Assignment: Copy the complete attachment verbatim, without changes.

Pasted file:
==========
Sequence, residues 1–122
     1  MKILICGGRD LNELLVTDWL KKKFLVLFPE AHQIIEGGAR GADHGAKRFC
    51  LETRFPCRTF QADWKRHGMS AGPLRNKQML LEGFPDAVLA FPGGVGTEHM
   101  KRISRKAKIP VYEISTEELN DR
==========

Sequence, residues 1–122
     1  MKILICGGRD LNELLVTDWL KKKFLVLFPE AHQIIEGGAR GADHGAKRFC
    51  LETRFPCRTF QADWKRHGMS AGPLRNKQML LEGFPDAVLA FPGGVGTEHM
   101  KRISRKAKIP VYEISTEELN DR